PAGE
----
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August 26, 2009

Death of a Traitor

Posted by Dave Blount at August 26, 2009 6:59 AM

While the media sniffles and wipes its tears, the rest of us can secretly heave a sigh of relief that we are finally rid of Ted Kennedy. Everyone knows that he was a left-wing ideologue who cheated on college exams and left a young girl to die in his car after he drunkenly drove it into the drink. Most remember that he did what he could to undermine our troops' morale and lend succor to the enemy during wartime. A few know that he was an eco-hypocrite, who dumped diesel fuel into the ocean and wouldn't allow windmills to be built if on clear days he might be able to see them from his mansion, even while steadfastly suppressing domestic drilling. But hardly anyone seems aware that Red Ted was quite literally a traitor, who worked directly with the USSR's communist dictatorship to undermine Ronald Reagan's successful anti-Soviet policies.

Here's a Moonbattery piece from October 20, 2006:

Although it's incomprehensible that Democrats would effectively side with an enemy devoted to destroying us, as they have done whenever they thought they could get away with it during the War on Terror, it is not unprecedented. As political science professor Paul Kengor points out in his new book The Crusader: Ronald Reagan and the Fall of Communism, a willingness to side with our country's enemies to inflict damage on a Republican president was also on display during the Reagan Era.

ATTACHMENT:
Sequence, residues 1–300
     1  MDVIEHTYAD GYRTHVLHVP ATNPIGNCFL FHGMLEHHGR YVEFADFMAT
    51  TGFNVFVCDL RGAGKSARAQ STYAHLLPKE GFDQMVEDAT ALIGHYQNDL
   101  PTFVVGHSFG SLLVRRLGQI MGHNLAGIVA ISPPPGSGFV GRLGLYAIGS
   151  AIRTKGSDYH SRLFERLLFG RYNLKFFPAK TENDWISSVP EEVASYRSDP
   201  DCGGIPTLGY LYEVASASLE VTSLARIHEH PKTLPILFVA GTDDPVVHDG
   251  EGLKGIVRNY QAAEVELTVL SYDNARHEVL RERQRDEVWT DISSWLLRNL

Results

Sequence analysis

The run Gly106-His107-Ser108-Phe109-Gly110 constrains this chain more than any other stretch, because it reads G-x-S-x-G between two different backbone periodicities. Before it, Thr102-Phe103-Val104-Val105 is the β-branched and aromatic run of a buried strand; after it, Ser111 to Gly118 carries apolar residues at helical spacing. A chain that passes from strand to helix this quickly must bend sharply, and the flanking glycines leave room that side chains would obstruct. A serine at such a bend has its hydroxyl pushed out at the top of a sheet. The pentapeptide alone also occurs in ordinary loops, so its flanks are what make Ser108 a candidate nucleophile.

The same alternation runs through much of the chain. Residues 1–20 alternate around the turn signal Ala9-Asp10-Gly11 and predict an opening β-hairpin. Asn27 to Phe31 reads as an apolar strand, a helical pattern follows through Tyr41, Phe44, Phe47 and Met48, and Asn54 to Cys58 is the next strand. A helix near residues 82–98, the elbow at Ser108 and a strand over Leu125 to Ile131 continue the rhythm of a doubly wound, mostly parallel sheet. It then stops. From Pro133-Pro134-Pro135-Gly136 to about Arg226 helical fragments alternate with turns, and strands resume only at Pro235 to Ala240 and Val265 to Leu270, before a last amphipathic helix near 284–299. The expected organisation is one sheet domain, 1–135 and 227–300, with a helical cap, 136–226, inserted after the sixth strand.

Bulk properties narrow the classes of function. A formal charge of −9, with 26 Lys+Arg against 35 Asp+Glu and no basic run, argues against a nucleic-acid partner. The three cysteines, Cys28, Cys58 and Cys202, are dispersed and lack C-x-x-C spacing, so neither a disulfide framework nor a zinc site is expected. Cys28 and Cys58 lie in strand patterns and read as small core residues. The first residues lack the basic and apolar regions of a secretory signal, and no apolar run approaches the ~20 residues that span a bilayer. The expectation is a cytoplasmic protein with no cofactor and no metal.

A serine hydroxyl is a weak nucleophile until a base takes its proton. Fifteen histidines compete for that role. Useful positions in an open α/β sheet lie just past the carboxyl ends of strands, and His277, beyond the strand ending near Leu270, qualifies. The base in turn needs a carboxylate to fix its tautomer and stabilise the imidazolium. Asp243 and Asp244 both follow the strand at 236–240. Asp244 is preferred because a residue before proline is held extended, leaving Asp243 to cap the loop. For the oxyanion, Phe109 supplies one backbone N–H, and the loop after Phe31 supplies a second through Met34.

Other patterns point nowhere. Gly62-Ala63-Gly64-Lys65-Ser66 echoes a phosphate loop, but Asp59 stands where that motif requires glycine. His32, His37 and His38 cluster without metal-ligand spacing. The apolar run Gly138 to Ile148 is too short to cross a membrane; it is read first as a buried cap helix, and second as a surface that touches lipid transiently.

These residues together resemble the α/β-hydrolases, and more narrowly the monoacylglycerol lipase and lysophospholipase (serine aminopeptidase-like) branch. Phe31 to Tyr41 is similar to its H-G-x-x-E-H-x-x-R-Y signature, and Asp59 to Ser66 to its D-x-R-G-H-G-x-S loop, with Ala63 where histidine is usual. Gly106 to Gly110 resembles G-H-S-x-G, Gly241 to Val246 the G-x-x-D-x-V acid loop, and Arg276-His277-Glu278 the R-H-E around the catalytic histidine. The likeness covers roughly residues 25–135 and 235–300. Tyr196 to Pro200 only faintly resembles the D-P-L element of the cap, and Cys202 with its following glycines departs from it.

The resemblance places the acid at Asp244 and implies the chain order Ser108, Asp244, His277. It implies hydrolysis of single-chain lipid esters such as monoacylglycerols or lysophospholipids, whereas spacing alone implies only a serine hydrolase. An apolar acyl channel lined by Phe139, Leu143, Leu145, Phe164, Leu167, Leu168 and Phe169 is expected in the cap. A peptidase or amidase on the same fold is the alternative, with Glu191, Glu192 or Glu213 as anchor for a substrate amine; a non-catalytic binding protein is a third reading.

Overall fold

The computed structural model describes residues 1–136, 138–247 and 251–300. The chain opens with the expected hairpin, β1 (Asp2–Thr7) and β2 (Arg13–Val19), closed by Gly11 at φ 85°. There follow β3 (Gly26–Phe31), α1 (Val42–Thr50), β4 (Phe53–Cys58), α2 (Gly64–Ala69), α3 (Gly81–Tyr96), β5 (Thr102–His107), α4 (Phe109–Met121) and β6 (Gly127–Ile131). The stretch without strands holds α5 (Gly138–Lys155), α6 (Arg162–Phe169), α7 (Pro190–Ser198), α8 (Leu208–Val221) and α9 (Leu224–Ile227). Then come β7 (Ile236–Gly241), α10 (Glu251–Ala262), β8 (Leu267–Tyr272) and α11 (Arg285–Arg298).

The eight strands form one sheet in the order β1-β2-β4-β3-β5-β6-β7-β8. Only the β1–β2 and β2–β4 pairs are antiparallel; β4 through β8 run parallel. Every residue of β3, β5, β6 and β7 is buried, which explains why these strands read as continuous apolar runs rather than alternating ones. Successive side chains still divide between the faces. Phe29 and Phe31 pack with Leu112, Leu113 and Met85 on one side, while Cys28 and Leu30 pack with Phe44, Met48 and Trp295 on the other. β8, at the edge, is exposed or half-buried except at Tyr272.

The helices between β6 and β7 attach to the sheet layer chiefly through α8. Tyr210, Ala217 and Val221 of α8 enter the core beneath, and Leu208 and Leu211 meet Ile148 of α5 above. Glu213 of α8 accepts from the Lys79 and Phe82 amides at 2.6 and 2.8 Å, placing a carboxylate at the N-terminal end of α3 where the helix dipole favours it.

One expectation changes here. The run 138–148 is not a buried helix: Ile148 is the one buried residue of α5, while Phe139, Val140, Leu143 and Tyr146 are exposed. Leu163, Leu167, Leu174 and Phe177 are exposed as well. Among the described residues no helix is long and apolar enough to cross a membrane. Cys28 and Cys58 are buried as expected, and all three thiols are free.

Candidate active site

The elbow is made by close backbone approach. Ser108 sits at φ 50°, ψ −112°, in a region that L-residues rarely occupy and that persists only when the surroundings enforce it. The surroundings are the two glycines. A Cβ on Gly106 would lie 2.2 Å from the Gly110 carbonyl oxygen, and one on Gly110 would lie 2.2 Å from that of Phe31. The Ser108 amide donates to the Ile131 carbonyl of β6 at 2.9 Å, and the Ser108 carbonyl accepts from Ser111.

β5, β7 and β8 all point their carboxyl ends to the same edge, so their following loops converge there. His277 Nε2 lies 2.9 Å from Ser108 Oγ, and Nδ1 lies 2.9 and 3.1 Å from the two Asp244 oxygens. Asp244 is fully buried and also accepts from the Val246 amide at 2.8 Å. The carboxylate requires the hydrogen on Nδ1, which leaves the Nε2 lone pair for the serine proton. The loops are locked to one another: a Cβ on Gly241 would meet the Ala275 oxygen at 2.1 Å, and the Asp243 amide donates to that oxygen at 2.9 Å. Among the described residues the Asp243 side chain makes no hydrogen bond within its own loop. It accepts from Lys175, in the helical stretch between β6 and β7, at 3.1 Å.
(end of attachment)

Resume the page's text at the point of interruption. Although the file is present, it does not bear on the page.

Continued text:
The same Ted Kennedy who rants and rails against W's attempts to defend us from terrorists arguably crossed the line from useful idiocy into outright treason when he offered to assist Soviet dictator Yuri Andropov in developing a public relations strategy to counter Reagan's foreign policy — the foreign policy that was to defeat the Soviet menace without a shot being fired.

Senator John Tunney (D-CA) traveled to Moscow on Kennedy's behalf to negotiate a secret partnership with Andropov, Kengor reveals. Tunney has acknowledged that he had played intermediary for Kennedy, and that he made 15 separate trips to Moscow. Chappaquiddick Ted told Tunney to reach out to "confidential contacts" to get the word to Andropov, who had enough nuclear missiles pointed at us to blow up the planet, that he wanted to work with him against the President.

Kennedy proposed that the dictator appeal directly to the American people in a series of television interviews, evidently intended to undermine support for Reagan's strong stand against communism. As Kengor notes of Kennedy:

He hoped to counter Reagan's polices, and by extension hurt his re-election prospects.

Fortunately, Andropov died before Kennedy's attempt to form a partnership got off the ground. But maybe the rise of Islamic terrorism is affording Ted chances to make new friends.

Better pick up his memoirs before they sell out.

On tips from KT, nancz, and Clingtomyguns.